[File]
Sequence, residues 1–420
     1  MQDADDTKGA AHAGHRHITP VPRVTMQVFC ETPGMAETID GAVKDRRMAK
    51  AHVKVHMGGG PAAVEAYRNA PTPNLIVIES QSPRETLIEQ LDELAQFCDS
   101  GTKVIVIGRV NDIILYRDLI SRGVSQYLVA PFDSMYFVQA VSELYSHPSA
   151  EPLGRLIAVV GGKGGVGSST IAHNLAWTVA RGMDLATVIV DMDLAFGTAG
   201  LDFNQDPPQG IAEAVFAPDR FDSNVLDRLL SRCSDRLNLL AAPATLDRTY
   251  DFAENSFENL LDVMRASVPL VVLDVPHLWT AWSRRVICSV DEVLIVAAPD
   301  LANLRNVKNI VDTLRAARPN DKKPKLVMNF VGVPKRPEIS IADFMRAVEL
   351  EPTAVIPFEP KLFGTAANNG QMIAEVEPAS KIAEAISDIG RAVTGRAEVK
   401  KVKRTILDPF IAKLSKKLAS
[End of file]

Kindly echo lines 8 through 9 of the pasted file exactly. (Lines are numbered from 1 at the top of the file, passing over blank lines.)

   301  LANLRNVKNI VDTLRAARPN DKKPKLVMNF VGVPKRPEIS IADFMRAVEL
   351  EPTAVIPFEP KLFGTAANNG QMIAEVEPAS KIAEAISDIG RAVTGRAEVK